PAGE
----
And to these guys. Johann Leiter and Tracey Whitney, our show photographer and videographer. They put their faith in this project, in Carisa and I, and in YOU, Portland, and they captured each moment with the clarity of the day itself. My future memory is forever indebted.
To our local sponsors. Gah. Loves Yous Guys. I hope all who are READING THIS RIGHT NOW will go give them a likey-loo. And then I promise to never EVER say likey-loo again. Thank you to Womens Healthcare Associates (my midwives through both births!), Zenana Spa (my post-show unwinding oasis), Crafty Wonderland (my pre-show shopping adventure), Radio Room (my new bffs and after-party host), Bolt Fabric Boutique (my constant inspiration to maybe someday though it's not bloody likely take up sewing but I could possibly become a fabric collector ... ), and Toro Bravo Cookbook (because honestly, have you eaten their food?).
To the LTYM National Sponsors, Chevrolet and BlogHer. Without them, this would all still be a twinkle in Ann's eye.
And finally, without these voices, there would have been no song. Just a lonely, buzzing, gangly microphone.
Leanne Goolsby -
is a native Oregonian who calls Portland home, single mum to human son Tabor and puppy son Thunder, first-time homeowner, psuedo-designer, runner, writer, sewist, chef. Constantly in the middle of approximately 53 semi-finished projects, Leanne has what could only be described as a messy, beautiful, imperfect, brilliant life. For those wishing to see an overabundance of adorable puppy-and-kid pictures, DIY projects, and general musings, Leanne can be found on the internets via her website, Lea Camille.
Jessica Peyton Roberts -
is a Higher Education Consultant and Director of Aim High Writing, where she works with parents and students to find the right college, financial, and scholarship options to fit their family’s needs. She is married to her best friend, Ben, and is Pet Mom to three rescue animals – Mercury the Dog, George the Cat, and Gloria the Kitten. You can find her writing about succeeding in school, along with an occasional photo dump of her pets, on her blog.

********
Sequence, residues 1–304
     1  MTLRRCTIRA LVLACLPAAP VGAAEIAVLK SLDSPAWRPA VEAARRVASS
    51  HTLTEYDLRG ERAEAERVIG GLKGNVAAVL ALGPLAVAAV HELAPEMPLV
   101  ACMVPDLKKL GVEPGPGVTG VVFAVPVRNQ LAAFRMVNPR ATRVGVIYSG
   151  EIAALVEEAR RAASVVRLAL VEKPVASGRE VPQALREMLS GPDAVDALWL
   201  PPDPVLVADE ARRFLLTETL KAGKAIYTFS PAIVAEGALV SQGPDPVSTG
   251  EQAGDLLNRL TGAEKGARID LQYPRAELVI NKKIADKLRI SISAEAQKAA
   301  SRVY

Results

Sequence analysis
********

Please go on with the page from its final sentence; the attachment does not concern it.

enjoys a career as both a writer and life coach. A former syndicated columnist (Juggling Jobs and Kids), her debut novel is Duck Pond Epiphany. Always ready for a new adventure, Tracey currently writes and blogs about the good, the bad, and the ugly she, and countless others face, on her website The Second Half. Married to the dearest man and the mother of three amazing, and all grown up, children, Tracey lives in the redwoods of northern California with her recently retired husband and their loyal mutt, Bella von Doodle.
Melissa Sher -
Melissa Sher, her husband, and their three boys moved to Portland a couple of years ago. (No, they don’t mind the rain.) Melissa’s writing has been featured frequently in the Huffington Post, New York Times’ Motherlode column, Chicago Tribune, and on bathroom stalls all over this beautiful country. She was also named to the Babble 100: Top Bloggers of 2013 (and her mother wasn’t even one of the judges!). You can read her on her blog, Mammalingo; or just go outside and yell as loud as you can. Even if she can’t hear you, it will feel good.
Jenny Forrester -
is mother to a 20-year-old world-traveling college student who is thriving despite having been raised on stories that began with the phrase, ‘When I was a kid…’ She has been published in Nailed Magazine, Small Doggies Press, The Literary Kitchen, Hip Mama Magazine, Penduline Press and Indiana Review, among others. She won the Richard Hugo House New Works Competition and was runner up in Indiana Review's 1/2K prize in 2011. She and Ariel Gore co-edited an anthology called The People's Apocalypse. Jenny curates Portland's all-female and female-identified Unchaste Readers Series.
Nadia Martinez Chantry -
Mujer, madre, maestra. Nadia Martínez Chantry lives in each of these roles, moment by moment, day by day. She is sustained by a ukulele playing partner, her supportive parents and sister, and wine drinking friends. A Portland native and mother of three young sons, Nadia spends the majority of her time listening to stories of monsters and fire trucks, singing about animals, pillow fighting, and validating injustices, such as, broken toys or skin and being chosen last. Nadia is a survivor with a simple daily goal; to find, amplify, and honor her own strength as a woman, a mother, and a teacher.